Two big film releases this week both feature historical settings in which a fantastic story takes place, but Brave and Timur Bekmambetov‘s Abraham Lincoln: Vampire Hunter couldn’t be more different. This film is based on the novel by Seth Grahame-Smith (Pride and Prejudice and Zombies, Dark Shadows screenwriter) in which Abraham Lincoln (Benjamin Walker) is revealed to be a man tortured by the memory of his mother’s death at the hands of a vampire.
So what’s the consensus on Abe and his vampire hunting efforts? Discuss the film, in spoilerish glory, after the break. Read More »
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There was the time when the release of a new Tim Burton movie seemed like a major event. And, after Alice in Wonderland made an insane amount of money thanks in part to being part of the immediate post-Avatar 3D boom, for Hollywood the release of a Burton movie remains a big deal. The director has a lot of fans still, for reasons that include his own particular blend of the weird and comic, an idiosyncratic approach to design, and his long working relationship with Johnny Depp.
Dark Shadows brings all those factors to bear, or attempts to. It is a remake/continuation/alternate look at a daytime soap opera that started in the ’60s and ran until the early ’70s. (The film is set primarily in 1972, just after the show went off the air.) Vampire Barnabas Collins (Depp) is locked away for hundreds of years by the witch Angelique (Eva Green). Freed, he returns to his old family home, where he finds a collection of characters that is almost as eccentric and downtrodden as he is.
Depp and Burton have talked about making this film for quite some time, and now that it has arrived, we want to know what you thought of it. Chime in below, where as always in posts of this sort, full spoilers are fair game. Read More »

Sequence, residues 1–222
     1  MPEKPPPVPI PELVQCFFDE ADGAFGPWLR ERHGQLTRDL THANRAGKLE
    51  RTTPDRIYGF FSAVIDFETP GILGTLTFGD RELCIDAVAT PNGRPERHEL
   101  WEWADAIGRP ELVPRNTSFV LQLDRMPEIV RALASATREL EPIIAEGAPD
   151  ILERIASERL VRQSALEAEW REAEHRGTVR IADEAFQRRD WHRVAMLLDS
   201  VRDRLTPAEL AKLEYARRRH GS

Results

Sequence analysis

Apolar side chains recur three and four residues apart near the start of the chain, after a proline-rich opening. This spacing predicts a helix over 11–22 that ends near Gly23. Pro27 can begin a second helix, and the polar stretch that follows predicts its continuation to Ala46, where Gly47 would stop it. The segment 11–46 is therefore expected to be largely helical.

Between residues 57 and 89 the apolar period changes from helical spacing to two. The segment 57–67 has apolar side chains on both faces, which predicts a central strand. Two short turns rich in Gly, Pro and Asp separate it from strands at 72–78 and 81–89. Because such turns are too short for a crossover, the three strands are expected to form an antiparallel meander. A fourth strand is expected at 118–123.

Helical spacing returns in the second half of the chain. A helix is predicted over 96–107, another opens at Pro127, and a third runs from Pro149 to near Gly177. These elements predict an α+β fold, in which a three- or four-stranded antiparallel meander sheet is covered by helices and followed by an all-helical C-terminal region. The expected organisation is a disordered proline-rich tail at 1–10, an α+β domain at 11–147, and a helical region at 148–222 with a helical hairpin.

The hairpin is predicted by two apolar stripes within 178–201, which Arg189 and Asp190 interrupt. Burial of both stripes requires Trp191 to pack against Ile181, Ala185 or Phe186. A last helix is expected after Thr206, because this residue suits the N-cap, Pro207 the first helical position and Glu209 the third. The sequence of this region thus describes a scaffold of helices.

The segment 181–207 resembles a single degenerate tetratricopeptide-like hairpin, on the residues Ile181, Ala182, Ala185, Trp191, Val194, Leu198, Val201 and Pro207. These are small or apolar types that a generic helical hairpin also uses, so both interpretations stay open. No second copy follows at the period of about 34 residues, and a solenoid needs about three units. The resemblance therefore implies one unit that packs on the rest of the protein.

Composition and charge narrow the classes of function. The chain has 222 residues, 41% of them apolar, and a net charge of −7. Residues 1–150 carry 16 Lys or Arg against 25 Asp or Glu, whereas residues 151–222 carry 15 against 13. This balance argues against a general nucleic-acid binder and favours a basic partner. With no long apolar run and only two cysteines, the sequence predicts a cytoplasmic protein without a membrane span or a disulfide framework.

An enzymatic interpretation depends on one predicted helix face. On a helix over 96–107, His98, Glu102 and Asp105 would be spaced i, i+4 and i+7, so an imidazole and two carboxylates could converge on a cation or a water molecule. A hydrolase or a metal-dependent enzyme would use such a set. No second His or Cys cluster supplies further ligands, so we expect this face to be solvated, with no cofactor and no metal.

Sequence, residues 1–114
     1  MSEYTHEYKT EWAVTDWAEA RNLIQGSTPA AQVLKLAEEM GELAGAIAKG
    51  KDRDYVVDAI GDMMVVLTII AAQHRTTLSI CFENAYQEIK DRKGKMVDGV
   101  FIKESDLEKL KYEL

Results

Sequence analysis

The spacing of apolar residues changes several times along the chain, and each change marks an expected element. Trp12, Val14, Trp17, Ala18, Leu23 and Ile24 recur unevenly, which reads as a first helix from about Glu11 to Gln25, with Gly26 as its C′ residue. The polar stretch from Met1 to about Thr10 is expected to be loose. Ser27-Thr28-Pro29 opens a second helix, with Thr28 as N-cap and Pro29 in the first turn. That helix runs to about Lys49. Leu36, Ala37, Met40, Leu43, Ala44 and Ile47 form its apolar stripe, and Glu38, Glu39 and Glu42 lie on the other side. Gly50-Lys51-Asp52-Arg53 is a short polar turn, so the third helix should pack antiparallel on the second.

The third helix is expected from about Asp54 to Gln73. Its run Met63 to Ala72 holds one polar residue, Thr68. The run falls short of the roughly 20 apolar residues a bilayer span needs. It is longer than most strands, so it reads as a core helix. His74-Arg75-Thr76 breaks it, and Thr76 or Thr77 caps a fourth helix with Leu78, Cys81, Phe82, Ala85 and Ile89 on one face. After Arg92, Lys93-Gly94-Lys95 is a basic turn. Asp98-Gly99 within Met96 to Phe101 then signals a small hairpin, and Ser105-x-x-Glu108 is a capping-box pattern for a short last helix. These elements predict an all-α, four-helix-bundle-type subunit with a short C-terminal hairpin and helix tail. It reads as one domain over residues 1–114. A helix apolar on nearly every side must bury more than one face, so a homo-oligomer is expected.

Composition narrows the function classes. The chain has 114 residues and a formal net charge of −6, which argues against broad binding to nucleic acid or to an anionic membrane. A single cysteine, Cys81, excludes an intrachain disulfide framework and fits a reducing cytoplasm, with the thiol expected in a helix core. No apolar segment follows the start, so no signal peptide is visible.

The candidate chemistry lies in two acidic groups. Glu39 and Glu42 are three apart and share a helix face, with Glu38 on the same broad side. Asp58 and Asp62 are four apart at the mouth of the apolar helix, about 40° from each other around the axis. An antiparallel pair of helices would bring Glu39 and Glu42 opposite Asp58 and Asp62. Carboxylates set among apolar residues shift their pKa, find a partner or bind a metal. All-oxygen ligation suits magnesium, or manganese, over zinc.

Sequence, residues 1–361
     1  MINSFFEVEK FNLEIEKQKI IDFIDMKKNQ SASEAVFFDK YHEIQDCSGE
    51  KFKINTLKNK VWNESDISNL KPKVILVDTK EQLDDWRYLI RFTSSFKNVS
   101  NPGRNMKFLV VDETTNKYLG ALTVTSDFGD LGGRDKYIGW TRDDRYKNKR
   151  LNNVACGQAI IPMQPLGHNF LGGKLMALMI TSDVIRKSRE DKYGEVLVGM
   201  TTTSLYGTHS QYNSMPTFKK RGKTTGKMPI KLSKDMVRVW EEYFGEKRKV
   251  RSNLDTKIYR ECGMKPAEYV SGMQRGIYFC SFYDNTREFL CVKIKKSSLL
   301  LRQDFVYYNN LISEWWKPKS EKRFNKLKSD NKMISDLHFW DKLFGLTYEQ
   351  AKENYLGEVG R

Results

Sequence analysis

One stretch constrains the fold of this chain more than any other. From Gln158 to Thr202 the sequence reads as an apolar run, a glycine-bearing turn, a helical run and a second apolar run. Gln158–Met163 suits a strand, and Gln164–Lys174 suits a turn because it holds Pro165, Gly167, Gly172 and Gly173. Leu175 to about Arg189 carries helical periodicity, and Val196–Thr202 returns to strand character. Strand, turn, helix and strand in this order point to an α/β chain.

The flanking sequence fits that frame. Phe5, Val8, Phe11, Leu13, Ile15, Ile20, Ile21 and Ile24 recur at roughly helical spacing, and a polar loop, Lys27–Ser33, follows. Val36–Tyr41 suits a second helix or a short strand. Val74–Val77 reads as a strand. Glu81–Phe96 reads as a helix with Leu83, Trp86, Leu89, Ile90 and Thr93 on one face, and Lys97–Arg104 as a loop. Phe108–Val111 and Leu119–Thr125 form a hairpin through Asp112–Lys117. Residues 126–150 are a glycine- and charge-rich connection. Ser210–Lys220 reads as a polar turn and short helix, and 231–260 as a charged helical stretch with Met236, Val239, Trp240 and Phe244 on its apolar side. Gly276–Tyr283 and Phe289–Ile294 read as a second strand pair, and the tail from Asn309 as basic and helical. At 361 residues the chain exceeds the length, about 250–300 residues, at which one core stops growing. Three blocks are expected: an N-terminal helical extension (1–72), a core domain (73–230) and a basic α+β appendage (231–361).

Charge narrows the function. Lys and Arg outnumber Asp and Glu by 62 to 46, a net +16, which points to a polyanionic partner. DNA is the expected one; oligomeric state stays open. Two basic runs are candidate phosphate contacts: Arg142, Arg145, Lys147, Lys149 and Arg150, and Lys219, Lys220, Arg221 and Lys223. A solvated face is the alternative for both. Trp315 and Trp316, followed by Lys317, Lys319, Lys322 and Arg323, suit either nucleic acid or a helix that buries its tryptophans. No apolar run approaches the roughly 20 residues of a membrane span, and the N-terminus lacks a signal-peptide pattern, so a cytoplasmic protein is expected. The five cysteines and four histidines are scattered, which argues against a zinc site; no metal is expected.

The event Marvel Studios has been working towards for many years is here: the studio has released The Avengers, in which the various stars of Iron Man, Thor, Captain America: The First Avenger, and The Incredible Hulk unite in the sort of super-team movie that once would have existed only as a fan pipe dream. Well, most of the various stars of those films, as Mark Ruffalo steps in as Bruce Banner and the Hulk, but otherwise we’ve got the roster that Marvel has been building over the past few summers: Robert Downey, Jr., Chris Evans, Chris Hemsworth, Scarlett Johansson, Samuel L. Jackson, Tom Hiddleston, Clark Gregg, and relative newcomers Jeremy Renner and Cobie Smulders.
Joss Whedon got the job rewriting and directing the film and, I think, managed a neat balance of character and action. Every member of the team gets their due, and the conflict that brews between the rougly-formed team of Avengers and Asgardian trickster Loki culminates in a giant battle sequence that occupies most of the film’s final act. But Whedon & Co. keep the action lively and the staging uncluttered enough that we can see what these heroes are doing as they repel an alien force.
So now that you’ve had a chance to see The Avengers, what did you think? Chime in through the comment section below where, as always for these pieces, spoilers are totally acceptable. Read More »
It’s the big weekend for Disney, and Pixar director Andrew Stanton, as Stanton’s live-action adaptation of the Edgar Rice Burroughs novel A Princess of Mars finally hits theaters. John Carter is a film that has been many, many years in development, and finally sees life thanks to Stanton’s interest in the story. Taylor Kitsch, Lynn Collins, Willem Dafoe, Mark Strong and more make up the cast of the film, which follows a Civil War vet (Kitsch) who is transported to Mars, where he meets a smokin’ hot princess (Collins) and is drawn into an alien civil strife.